The three bitters in the Champagne Cocktail set, plus the three cocktail picks

You get the idea that these kits are intended to appeal to business travellers who always want to have the wherewithal to make the perfect cocktail as they sit in their lonely hotel room with only a bottle of spirits for company—you can even buy replacement lime juice and syrup sachets. But I wonder whether the main market isn’t people looking to give cute gifts to other people who like cocktails.

Would I recommend the cocktail box? If you’re looking for a cute gift for a cocktail-lover then I think the attention to detail will please. At £18 the kit is not cheap, but you’d pay £20 to £25 for a full 150ml bottle of the bitters, so it’s a handy way to try out three from the range.

* The coaster sadly has a logo sewn on, made from some shiny, plasticky material that actually causes it to stick to the bottom of your glass when you lift it up, but once this label has been removed it is absorbent enough to work well.

Wednesday 23 September 2020

Test Valley Gin

In the Hampshire market town of Romsey to visit my elderly mother-in-law a few weeks ago, we were hunting for lunch among the tentatively opening shops (it’s a place with an ageing population, so I guess they have to be careful in COVID times). In a deli that I’d not set foot in before I noticed a display of local gins (inevitably these days, I suppose). One that caught my eye was Test Valley Gin, from Wessex Spirits.

They don’t give much away on the label other than that the botanicals include fresh herbs—I wondered if these were infused post-distillation, as the gin has a pale yellow hue. The gin’s website doesn’t elaborate much more, other than to mention fresh basil and thyme specifically (and they do indeed use the word “infused”).

Uncork the bottle and you are not overwhelmed by aroma—maybe a hint of orange. In the glass the bouquet is herbaceous with a sweet and aromatic angle. Knowing that there is thyme involved I can believe that this is the source, and perhaps the basil contributes to the sweet fragrance. I happen to have a sprig of fresh thyme to hand from the garden, and the fragrance is not the same, but related. There is a savoury woodiness too, and something vaguely salty like olives—in this respect the gin reminds me somewhat of Gin Mare. And as it opens up in the glass I’m sure I’m getting off wafts of something low and honky like bananas.

So a pretty complex nose. On the tongue it is immediately soft and sweet, with a delicate sappy herbal note, lingering pungently like watercress, and a sugary weight. Despite being diluted to a bottling strength of just 37.5% ABV (the minimum permissible for a gin, so I guess done to keep the duty as low as possible) it has a respectably long finish.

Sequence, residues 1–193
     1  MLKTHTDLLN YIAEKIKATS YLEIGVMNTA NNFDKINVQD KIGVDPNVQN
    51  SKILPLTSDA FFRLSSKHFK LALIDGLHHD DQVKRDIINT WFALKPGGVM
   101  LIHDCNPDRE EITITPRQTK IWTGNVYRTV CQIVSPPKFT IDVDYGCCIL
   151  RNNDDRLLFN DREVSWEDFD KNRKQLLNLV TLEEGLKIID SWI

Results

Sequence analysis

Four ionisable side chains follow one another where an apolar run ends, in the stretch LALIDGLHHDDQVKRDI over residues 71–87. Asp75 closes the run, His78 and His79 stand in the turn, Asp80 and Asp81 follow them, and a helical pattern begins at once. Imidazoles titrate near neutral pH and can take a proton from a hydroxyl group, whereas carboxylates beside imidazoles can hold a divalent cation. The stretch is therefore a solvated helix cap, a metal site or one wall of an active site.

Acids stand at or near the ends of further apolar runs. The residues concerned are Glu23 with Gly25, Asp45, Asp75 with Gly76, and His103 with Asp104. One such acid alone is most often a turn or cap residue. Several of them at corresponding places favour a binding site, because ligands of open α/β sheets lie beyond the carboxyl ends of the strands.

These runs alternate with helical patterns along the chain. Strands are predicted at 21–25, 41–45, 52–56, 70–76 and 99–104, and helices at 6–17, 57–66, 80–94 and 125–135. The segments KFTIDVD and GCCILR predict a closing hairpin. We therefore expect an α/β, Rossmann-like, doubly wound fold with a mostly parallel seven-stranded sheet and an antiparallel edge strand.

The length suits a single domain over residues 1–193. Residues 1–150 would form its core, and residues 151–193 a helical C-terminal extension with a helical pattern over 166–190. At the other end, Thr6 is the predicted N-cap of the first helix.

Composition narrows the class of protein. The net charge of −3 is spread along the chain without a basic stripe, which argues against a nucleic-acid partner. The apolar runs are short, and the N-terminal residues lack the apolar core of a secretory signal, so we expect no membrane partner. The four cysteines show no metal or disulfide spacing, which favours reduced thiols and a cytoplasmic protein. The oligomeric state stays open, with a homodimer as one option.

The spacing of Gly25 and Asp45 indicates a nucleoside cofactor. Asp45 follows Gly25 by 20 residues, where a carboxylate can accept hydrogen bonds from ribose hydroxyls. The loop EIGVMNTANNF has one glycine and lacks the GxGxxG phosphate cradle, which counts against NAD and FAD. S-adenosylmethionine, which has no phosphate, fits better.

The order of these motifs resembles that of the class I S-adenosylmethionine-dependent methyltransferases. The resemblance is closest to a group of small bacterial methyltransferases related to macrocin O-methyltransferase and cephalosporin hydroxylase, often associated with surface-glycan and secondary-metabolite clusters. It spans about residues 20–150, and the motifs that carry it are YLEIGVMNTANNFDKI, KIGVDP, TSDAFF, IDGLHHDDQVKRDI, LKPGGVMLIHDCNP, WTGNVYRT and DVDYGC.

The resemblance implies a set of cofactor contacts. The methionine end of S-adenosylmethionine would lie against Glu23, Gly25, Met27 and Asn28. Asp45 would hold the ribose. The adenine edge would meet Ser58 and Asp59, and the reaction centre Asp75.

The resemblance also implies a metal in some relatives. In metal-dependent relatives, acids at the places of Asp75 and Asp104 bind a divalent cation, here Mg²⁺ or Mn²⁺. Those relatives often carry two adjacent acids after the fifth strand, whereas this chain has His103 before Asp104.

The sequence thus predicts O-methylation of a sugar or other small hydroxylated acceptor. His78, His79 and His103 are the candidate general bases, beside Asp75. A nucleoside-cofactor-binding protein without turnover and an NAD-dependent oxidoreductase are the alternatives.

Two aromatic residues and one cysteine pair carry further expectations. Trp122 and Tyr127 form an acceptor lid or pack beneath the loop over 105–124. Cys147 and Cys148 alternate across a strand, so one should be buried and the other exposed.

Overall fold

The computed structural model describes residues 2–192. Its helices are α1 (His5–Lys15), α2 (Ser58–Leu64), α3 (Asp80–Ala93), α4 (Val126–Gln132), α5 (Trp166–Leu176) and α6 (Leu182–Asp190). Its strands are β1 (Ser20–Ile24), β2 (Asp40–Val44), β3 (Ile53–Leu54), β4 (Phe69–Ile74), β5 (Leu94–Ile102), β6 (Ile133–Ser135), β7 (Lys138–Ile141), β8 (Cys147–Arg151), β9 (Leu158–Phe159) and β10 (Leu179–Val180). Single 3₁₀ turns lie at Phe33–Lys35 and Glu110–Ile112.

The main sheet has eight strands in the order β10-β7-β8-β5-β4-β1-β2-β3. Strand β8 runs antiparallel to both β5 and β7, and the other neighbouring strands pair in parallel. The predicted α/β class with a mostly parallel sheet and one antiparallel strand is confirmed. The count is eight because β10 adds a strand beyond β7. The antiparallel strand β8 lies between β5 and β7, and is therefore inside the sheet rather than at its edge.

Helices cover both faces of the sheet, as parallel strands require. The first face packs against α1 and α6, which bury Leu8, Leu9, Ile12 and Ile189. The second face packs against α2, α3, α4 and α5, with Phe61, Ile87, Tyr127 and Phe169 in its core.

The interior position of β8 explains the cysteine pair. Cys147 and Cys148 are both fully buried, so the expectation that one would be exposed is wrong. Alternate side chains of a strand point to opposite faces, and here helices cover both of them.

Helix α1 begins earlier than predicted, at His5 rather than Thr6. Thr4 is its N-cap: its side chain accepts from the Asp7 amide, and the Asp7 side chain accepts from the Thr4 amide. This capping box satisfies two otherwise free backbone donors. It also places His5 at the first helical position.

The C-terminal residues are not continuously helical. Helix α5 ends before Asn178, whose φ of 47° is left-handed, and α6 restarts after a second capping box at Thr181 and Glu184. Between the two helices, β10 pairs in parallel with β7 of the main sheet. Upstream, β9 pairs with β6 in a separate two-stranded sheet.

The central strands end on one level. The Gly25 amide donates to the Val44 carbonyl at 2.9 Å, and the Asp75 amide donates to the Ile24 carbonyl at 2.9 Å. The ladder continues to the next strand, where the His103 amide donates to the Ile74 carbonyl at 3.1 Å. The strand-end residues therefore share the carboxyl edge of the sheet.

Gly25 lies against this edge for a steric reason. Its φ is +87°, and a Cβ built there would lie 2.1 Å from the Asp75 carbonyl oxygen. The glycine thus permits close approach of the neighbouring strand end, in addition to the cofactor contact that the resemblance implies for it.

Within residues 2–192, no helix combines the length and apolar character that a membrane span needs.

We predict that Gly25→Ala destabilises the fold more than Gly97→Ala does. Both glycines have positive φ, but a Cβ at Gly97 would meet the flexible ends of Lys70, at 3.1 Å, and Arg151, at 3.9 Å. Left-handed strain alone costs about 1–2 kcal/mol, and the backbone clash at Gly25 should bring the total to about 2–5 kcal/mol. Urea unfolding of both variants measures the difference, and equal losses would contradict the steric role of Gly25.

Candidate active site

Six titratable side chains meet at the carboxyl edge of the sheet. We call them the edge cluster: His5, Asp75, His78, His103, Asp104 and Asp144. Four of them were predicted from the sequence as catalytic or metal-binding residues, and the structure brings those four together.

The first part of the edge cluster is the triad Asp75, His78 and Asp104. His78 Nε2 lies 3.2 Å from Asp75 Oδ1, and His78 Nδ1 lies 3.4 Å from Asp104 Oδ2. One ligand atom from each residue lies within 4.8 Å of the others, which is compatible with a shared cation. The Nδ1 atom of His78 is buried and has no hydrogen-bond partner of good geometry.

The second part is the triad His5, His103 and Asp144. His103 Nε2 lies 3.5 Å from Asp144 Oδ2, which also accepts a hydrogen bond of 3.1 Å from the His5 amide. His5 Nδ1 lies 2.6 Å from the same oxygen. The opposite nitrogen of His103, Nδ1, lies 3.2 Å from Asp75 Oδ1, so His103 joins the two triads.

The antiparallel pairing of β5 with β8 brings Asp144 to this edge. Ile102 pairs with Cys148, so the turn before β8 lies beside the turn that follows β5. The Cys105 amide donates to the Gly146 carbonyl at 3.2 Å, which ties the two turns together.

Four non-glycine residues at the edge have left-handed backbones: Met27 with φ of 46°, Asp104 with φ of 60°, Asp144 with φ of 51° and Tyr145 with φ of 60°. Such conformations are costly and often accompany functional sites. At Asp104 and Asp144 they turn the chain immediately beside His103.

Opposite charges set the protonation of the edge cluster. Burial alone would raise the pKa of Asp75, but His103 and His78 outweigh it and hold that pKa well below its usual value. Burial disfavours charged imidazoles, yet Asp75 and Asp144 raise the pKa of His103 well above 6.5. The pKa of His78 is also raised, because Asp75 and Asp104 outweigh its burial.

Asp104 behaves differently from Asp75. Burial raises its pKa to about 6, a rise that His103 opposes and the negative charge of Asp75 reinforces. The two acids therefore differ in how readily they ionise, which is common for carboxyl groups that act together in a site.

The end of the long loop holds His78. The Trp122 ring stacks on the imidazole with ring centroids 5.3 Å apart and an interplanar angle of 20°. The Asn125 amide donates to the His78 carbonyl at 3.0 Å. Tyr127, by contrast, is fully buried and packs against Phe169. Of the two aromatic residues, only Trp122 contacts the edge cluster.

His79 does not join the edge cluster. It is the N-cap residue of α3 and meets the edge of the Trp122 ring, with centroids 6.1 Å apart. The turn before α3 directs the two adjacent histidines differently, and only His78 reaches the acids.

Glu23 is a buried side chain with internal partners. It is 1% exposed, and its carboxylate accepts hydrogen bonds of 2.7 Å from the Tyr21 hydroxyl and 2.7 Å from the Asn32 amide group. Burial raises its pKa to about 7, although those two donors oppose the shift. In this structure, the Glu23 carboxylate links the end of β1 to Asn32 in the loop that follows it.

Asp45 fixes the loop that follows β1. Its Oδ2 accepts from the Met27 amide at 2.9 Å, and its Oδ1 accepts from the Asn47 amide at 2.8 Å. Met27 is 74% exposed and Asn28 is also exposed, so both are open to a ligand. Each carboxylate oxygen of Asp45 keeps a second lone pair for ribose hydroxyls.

I try Test Valley in a Martini with Belsazar Dry vermouth: straightaway there seems to be a natural harmony between the herbaceous character of the gin and the botanicals in the vermouth, with the two ingredients forming a continuum, a wide vegetal vista on the tongue, plus a sweet, buttery mouthfeel. I initially mixed and tasted it without chilling, and I would say that any application of ice—whether shaken or stirred—has the disadvantage of of diluting what is already a fairly dilute gin, washing away some of the flavour. (Some stronger gins actually benefit from a bit of dilution and only really come into their own with a bit of ice, but not this one.) A solution might be what DTS calls the Diamond Method, keeping the gin in the freezer, but at 37.5% ABV I think that Test Valley Gin would start to freeze, unless you are able to have a dedicated booze freezer set to an ideal temperature.*

I also try a Negroni, though the results are less exciting. The gin certainly harmonises with the vermouth and Campari, but at equal parts it gets a bit lost, and even at 1½ parts gin it’s still hard to pick out.

A Test Valley G&T with prescribed thyme garnish

Although Test Valley do suggest a Martini as a suitable serve, their first choice is a G&T, garnished with a spring of thyme. It certain works, with that herbal character sitting comfortably with the tonic (Fevertree Light is my go-to). But I do find you have to add quite a bit of gin before the distinct flavour comes through—again this is probably a reflection of the niggardly ABV. So in my opinion a Martini is probably the best platform for this gin, making an intriguing and savoury beverage.